American eighth-grade students ranked ninth and tenth (out of thirty-eight) in math and science, respectively, compared to students in other countries on the 2011 Trends in International Mathematics and Science Study (TIMSS), while fourth graders were eleventh and seventh (out of forty-five). Released in December 2012, the results from the TIMSS suggest the degree to which students have learned mathematics and science concepts and skills likely to have been taught in school.
The average math score among American eighth graders was 509, an increase of 1 point since the last assessment in 2007, and higher than the international average (500). The Republic of Korea posted the highest average score (613), followed by Singapore (611), and Chinese Taipei (609). In science, American eighth graders posted an average score of 525, an increase of 5 points since 2007, and higher than the international average (500). Singapore had the highest average score (590), followed by Chinese Taipei (564), and the Republic of Korea (560). The countries with the highest average scores in eighth-grade math and eighth-grade science appear in the table below.
When broken down by race and ethnicity, the TIMSS reveals large achievement gaps between student subgroups. Among eighth graders, Asian students posted the highest average score in math (568), followed by white (530), multiracial (513), Hispanic (485), and black students (465). In science, Asian eighth graders again ranked first (556), followed by white (553), multiracial (534), Hispanic (493), and black students (470).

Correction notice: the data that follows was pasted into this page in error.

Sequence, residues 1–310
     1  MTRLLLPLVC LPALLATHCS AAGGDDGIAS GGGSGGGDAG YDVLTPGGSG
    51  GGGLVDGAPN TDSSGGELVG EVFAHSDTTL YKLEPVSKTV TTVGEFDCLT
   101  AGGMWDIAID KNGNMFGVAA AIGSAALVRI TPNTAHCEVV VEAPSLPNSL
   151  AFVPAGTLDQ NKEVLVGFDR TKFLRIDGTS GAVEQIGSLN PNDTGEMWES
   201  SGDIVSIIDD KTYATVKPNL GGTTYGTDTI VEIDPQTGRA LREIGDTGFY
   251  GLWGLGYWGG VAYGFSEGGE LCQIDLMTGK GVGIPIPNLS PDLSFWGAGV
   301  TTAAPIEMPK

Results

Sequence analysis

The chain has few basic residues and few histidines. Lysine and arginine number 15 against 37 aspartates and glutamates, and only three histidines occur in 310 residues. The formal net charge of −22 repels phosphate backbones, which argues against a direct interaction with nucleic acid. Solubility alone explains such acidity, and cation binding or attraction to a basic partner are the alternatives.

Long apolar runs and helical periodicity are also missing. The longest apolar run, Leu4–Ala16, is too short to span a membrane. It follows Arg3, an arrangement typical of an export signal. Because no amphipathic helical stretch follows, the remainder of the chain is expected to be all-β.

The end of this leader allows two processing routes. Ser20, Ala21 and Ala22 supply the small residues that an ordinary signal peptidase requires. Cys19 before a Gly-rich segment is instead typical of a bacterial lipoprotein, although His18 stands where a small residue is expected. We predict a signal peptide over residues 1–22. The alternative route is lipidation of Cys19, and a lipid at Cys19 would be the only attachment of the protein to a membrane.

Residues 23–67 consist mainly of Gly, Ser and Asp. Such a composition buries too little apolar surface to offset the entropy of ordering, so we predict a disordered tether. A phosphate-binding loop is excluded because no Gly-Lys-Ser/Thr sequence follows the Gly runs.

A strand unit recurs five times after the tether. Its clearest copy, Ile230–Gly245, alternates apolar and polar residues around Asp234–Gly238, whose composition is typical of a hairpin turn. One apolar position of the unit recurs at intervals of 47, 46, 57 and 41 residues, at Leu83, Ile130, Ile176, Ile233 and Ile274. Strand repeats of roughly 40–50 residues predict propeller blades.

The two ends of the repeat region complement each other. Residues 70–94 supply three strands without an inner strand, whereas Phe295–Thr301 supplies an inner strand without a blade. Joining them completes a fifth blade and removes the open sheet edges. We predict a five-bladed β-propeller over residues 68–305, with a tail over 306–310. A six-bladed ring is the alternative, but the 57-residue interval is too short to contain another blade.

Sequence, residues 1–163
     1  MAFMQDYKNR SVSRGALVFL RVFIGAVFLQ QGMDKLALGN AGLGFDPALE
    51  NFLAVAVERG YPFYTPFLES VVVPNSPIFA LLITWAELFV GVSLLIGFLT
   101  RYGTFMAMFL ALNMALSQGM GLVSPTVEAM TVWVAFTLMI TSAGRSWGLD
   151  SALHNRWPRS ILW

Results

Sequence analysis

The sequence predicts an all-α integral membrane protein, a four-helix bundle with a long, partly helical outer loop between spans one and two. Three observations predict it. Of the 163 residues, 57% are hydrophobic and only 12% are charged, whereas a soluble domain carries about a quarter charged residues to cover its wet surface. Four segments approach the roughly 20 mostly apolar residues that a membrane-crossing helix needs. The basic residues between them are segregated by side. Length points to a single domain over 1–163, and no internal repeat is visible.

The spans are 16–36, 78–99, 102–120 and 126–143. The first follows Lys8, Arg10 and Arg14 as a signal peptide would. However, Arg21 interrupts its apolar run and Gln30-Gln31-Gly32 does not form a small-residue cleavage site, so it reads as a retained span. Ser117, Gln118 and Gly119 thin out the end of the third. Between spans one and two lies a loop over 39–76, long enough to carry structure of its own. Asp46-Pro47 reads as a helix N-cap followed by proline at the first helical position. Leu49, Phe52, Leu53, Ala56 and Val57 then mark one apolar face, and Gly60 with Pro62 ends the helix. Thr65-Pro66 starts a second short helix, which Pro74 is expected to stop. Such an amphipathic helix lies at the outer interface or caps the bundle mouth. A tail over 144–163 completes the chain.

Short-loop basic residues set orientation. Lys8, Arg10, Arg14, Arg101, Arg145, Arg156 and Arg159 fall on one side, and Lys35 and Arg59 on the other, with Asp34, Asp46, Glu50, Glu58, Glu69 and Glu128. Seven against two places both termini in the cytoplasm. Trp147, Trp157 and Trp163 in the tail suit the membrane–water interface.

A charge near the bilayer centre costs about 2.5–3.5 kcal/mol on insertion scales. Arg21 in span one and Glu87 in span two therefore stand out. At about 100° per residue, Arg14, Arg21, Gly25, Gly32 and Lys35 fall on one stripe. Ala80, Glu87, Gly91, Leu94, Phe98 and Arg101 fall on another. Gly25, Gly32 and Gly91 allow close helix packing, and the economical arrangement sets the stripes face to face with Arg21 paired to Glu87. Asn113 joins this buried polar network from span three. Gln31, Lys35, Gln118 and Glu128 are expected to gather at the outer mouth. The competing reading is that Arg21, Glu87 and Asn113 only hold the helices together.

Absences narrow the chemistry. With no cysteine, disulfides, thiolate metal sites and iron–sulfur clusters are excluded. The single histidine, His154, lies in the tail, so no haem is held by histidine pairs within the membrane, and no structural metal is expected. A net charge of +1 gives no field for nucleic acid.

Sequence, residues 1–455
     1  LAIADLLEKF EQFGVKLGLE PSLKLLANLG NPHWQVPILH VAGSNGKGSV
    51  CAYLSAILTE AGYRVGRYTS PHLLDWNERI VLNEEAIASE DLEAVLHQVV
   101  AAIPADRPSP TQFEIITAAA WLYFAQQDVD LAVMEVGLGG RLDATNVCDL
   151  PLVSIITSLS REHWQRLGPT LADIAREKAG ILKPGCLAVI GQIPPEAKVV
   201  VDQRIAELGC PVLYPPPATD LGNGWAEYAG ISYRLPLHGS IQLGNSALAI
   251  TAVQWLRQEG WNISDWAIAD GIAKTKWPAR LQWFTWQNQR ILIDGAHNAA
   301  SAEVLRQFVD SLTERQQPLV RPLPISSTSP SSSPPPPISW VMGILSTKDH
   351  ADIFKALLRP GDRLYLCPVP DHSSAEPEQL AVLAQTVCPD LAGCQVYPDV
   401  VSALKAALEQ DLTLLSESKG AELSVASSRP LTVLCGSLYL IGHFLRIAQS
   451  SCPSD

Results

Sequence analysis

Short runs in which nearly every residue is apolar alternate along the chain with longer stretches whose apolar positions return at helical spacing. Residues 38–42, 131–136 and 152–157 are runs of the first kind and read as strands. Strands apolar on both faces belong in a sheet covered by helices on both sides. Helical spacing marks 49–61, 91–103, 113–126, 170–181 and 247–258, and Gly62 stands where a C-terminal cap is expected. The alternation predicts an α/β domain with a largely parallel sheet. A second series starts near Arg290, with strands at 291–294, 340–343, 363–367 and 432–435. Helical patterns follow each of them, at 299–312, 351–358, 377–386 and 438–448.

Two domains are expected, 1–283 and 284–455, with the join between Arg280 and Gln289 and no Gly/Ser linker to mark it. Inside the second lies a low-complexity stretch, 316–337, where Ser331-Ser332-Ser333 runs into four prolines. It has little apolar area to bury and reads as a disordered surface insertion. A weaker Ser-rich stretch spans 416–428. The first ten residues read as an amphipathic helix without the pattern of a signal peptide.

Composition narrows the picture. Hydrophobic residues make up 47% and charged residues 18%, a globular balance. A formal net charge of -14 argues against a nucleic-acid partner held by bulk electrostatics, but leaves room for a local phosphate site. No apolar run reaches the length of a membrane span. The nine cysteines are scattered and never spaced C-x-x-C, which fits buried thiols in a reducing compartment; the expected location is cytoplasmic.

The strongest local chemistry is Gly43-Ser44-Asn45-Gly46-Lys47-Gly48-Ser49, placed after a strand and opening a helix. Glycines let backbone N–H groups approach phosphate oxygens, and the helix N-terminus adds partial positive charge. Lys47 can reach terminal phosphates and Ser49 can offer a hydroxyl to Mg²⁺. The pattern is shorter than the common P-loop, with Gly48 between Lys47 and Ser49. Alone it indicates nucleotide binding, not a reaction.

A number of U.S. states participated in the test as well. In eighth-grade math, Massachusetts (561), Minnesota (545), North Carolina (537), Indiana (522), Colorado (518), Connecticut (518), and Florida (513) all posted average scores higher than the international average (500), while California (493) and Alabama (466) posted scores below it. The same was true in eighth-grade science: Massachusetts (567), Minnesota (553), Colorado (542), Indiana (533), Connecticut (532), North Carolina (532), and Florida (530) posted scores higher than the international average (500), while California (499) and Alabama (485) posted scores below it.
“It is rewarding to see that students in highly-diverse states like Florida, Massachusetts, and North Carolina excelled internationally in a number of subject areas, showing that demography is not destiny in our schools,” said U.S. Secretary of Education Arne Duncan. “State and local policy matter and can have a powerful influence in advancing or slowing educational progress. These new assessments put to rest the myth that America’s schools cannot be among the world’s top-performing school systems. In fact, eighth graders in Massachusetts performed below only one country in the world in science, Singapore.”
The complete results are available at http://nces.ed.gov/pubsearch/pubsinfo.asp?pubid=2013009.